On admission, blood pressure was 120/80 and temperature was 38.5◦ C. She was oliguric for 2 days and had lost 2 kg of weight. Physical examination revealed a swollen but non-painful kidney transplant. She had acute renal failure that was ascribed to extra cellular dehydration and acute pyelonephritis without clinical evidence of septic shock. Serum urea nitrogen was 48.5 mmol/L and creatinine 688 µmol/L. Urinalysis showed proteinuria of 0.7 g/24 h, haematuria (105 /mL) and leucocyturia (105 /mL). Other laboratory results revealed total serum protein 69 g/L, potassium 4.3 mmol/L, sodium 136 mmol/L, haemoglobin 8.7 g/dL, white blood cells 13 700/mm3 , platelets 222 000/mm3 and CRP 204 mg/L. Blood and urine cultures were positive for E. coli. Abdominal ultrasound showed an enlarged 13-cm kidney transplant without pyelocaliceal dilatation. The patient was treated with isotonic serum saline and intravenous gentamycine for 3 days combined with oral levofloxacin. Despite treatment, she remained oliguric and we suspected an acute rejection episode. On Day 7, intravenous methylprednisolone (500 mg/day × 3) was administered. Percutaneous graft biopsy was performed on Day 8. Histological examination showed interstitial inflammation with infiltration of neutrophils and histiocytic cells having abundant eosinophilic cytoplasm. Many of these cells contained periodic acid-Schiff (PAS) positive inclusions (Figure 1) consistent with Michaelis–Gutmann bodies. The patient was diagnosed with renal transplant malakoplakia. Prednisone was immediately stopped. Levofloxacin was continued for 10 weeks and the tacrolimus dose was decreased to obtain residual levels between 4 and 6 ng/mL. Kidney function improved rapidly but did not return to anterior levels (serum creatinine: 225 µmol/L versus 150 µmol/L). The patient did not develop any recurrent urinary tract infection, but was admitted to the hospital at months 4 and 7 for functional acute renal failure. On each occasion, she presented with extracellular dehydration with elevated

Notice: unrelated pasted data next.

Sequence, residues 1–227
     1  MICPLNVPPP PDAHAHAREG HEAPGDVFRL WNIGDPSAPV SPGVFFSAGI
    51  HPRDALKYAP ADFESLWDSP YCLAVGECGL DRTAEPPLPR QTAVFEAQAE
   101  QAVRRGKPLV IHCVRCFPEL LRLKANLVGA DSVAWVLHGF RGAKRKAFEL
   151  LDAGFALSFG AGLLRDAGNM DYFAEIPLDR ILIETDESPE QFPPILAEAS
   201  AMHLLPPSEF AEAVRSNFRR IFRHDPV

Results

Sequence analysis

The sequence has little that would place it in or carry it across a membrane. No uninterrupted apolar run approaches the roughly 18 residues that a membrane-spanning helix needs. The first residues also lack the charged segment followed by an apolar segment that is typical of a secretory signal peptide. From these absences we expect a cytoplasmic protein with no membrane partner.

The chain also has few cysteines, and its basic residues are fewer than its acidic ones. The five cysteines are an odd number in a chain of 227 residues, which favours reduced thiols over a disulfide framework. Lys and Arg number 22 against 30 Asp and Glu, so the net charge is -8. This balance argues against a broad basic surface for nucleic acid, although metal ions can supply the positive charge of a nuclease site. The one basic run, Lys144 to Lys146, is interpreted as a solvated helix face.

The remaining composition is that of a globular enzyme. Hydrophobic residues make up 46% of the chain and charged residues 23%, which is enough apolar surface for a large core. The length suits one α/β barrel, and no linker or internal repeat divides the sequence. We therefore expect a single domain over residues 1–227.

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Keywords: acute renal failure; antibiotherapy; kidney transplantation; malakoplakia

Renal transplant malakoplakia